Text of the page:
Behind the Locked Doors of Alzheimer's
One woman’s journey to understanding
A plastic bag filled with keys reminds Nancy McGrath of her journey to the locked doors blocking her understanding of Alzheimer’s disease. The rooms that once held the frustration and confusion of her mother’s disease have been unlatched. After the death of McGrath’s mother, Mary Jane, at 82 in the fall of 2001, there is finally some clarity and resolution after years of anxiety and guilt.
I sat down with McGrath at her dining room table, as spring was blossoming. She spoke mostly in a calm candor with occasional tears releasing exasperation and self-reproach. Today she is wearing a black t-shirt with the logo in gold writing: “We back Pat” in reference to Pat Summitt, the head coach of the University of Tennessee Lady Volunteer basketball team who was diagnosed with Alzheimer's in 2011 and lost her fight with the disease this past June.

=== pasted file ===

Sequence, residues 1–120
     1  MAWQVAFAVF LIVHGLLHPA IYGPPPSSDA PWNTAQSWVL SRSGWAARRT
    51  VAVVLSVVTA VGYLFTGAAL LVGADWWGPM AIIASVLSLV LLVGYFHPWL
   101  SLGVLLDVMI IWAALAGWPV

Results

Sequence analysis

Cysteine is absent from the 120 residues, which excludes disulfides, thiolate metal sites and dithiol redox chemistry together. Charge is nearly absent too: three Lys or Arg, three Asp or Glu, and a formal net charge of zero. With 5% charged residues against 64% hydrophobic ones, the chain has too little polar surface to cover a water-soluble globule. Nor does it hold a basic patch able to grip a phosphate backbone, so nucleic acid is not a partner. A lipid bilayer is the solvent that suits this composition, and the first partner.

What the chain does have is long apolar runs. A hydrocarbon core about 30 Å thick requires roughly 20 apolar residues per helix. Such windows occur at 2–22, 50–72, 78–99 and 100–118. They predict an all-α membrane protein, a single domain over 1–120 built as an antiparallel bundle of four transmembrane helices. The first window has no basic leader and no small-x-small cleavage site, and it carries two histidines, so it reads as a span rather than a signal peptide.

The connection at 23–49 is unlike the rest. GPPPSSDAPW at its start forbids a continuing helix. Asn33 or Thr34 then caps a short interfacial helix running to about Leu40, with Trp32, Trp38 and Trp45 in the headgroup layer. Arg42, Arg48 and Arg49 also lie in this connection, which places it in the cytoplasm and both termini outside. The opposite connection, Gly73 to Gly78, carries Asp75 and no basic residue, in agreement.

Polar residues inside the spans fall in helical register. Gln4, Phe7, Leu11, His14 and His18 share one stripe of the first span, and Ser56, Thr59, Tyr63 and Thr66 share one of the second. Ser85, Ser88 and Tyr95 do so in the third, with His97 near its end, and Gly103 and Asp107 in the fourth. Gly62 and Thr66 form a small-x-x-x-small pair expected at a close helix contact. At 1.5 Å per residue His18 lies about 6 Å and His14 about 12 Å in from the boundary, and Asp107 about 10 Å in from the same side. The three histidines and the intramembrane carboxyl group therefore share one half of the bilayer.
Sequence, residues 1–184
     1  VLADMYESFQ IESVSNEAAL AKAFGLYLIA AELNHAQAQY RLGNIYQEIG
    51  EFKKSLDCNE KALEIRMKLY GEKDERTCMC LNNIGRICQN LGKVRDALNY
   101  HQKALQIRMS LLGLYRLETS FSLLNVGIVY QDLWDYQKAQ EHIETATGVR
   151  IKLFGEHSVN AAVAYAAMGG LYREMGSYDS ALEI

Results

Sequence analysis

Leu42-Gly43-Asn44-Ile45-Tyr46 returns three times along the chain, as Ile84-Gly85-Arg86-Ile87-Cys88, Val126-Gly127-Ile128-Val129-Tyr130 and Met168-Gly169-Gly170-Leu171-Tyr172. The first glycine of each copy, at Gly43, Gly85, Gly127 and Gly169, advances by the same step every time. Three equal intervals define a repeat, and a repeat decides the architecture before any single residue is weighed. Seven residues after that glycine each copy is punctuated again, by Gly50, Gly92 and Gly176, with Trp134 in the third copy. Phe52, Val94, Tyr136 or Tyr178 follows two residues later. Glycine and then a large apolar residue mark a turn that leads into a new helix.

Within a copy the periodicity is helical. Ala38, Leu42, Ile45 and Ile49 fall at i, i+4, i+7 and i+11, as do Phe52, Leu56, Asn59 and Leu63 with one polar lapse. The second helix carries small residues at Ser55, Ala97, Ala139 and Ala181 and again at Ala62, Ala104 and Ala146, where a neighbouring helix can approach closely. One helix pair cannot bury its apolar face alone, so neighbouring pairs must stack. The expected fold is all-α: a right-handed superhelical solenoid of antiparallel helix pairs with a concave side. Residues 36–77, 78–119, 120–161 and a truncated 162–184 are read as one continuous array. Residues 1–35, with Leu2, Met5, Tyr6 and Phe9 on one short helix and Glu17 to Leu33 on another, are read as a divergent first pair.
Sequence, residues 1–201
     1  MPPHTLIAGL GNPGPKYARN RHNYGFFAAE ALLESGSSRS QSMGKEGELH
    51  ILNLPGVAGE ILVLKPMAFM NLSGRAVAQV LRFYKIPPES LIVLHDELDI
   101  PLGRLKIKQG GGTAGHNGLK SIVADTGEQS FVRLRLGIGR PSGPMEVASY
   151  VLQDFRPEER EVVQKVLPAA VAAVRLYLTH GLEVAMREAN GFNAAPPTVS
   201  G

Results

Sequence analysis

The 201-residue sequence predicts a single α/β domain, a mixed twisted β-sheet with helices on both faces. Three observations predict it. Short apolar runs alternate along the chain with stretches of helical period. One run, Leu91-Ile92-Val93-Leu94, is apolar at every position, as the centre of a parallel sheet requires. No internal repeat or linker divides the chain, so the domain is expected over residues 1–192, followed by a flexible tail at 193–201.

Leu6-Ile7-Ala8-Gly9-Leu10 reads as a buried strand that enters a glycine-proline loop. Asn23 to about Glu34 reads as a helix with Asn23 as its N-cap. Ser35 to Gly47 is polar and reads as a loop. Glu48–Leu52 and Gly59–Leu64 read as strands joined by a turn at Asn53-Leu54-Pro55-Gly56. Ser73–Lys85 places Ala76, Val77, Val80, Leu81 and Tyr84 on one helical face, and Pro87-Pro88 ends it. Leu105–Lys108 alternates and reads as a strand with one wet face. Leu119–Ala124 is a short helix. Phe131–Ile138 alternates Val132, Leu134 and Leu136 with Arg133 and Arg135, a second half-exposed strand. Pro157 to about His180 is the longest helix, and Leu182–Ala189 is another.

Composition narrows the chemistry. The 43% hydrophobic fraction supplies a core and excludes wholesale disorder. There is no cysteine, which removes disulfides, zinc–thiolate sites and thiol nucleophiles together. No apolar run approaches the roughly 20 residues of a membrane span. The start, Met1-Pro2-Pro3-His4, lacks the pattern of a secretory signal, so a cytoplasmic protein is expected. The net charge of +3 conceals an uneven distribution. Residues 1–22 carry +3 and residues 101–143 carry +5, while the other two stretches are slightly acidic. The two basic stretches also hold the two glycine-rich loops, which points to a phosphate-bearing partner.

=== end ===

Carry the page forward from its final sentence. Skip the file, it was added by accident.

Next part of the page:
McGrath admits, “I simply did not understand what was going on in the early stages.” At the time, she attributed her mother’s unusual actions to grieving the death of her father in 1991. “My dad was really a gregarious man. He was tall and had a big laugh. He would walk into some place and was big happy. My mom was his shadow.”